Plans move ahead for new White City school, principal named
Jun 30, 2020 01:38PM
By Julie Slama
On the campus of the current Edgemont Elementary, a new White City school will be built for all White City students attending Edgemont and Bell View elementary schools. (Julie Slama/City Journals)
By Julie Slama | [email protected]
Canyons Board of Education voted April 21 to consolidate the Bell View and Edgemont communities, housing students in a new 800-student occupancy school to be constructed on the Edgemont campus.
This came after the community had 120 days to give feedback, said Canyons School District Business Manager and Chief Financial Officer Leon Wilcox.
“There were questions about the year of transition than about the new school,” Wilcox said. “Most people felt it made sense with the populations and the fact that the schools are one-half mile apart. It won’t affect bussing or walking routes, and everyone gets a new school.”
The current Edgemont Elementary was built in 1958 and Bell View, eight years later. Between the two schools, there are about 680 students.
During the 2021-2022 school year that the new 85,000-square-foot school will be built, students at Edgemont and Peruvian Park, which also will be rebuilt on its existing site, will use the former Crescent View Middle School building. Bell View students will remain in their school for the next two academic years.
Wilcox said the plan is to use Bell View’s building for Diamond Ridge and Entrada High once the new school is completed although that has yet to be presented to the Board of Education for a formal vote.
District administrators met with the Sandy City and White City mayors to discuss the new school proposal as well as shared information on school websites and at the schools.
“All the teachers will stay, but will be housed in one location,” Wilcox said about the plan, adding there will be positions in the district for every employee when the two schools are combined at 1085 S. 9800 South. “We will open the new elementary school with a new principal, new branding, mascot, colors and new name.”
The new principal will be Ridgecrest Elementary Principal Julie Winfree, who is looking forward to opening a new school.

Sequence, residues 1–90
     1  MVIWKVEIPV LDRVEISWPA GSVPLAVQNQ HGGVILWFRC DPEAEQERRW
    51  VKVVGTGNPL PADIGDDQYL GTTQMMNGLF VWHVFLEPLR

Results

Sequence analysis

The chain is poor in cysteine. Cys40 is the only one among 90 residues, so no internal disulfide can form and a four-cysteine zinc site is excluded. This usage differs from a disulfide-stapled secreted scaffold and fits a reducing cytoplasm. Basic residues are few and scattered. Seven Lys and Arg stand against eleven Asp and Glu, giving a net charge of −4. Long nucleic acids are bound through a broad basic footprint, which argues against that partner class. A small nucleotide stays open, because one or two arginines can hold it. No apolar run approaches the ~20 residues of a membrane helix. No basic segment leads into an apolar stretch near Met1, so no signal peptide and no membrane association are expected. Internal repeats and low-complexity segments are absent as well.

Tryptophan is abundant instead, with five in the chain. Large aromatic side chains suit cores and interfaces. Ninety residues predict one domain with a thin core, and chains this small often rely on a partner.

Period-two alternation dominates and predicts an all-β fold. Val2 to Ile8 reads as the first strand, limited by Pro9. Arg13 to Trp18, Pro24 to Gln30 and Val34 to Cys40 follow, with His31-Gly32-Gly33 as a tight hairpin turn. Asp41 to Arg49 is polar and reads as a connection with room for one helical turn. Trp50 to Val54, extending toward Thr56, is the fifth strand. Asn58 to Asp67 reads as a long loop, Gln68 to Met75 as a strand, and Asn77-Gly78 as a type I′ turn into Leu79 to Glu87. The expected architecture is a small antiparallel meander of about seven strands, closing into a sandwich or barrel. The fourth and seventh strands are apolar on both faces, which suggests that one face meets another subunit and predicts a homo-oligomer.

“I think it is a really special experience to be able to be part of building a new school and to merge two communities,” she said. “We will get to set new traditions while honoring the traditions that have already been established. I have heard such wonderful things about both communities, and I am excited to get to know them.
Already Winfree is attending bimonthly architectural meetings with MHTM Architects to ensure the new building will fit the community’s needs.
“We are starting the process of meeting with the PTA and SCCs of both schools now. We will be asking for community, staff and student input along the way,” she said.
Wilcox anticipates the construction to cost $23 million with the bidding process to begin in the winter. The school design is the same as Silver Ridge in Weber County, although it will be modified to fit the needs of this community.
“By using the same design, it saves us money and time,” he said. “There is a lot of natural light in the state-of-art school.”
Winfree also is working with both school’s PTA and SCC groups to generate ideas for the school logo and colors.
“Representatives from these groups will help us refine some concepts, which we’ll take back to the Board of Education, community, staff and students in the fall. The nice thing is that we have two schools with long histories and cherished traditions upon which to build and draw from as we look to find a name and logo that will foster a sense of community and pride,” she said. “This is really a once-in-a-generation opportunity for the community.”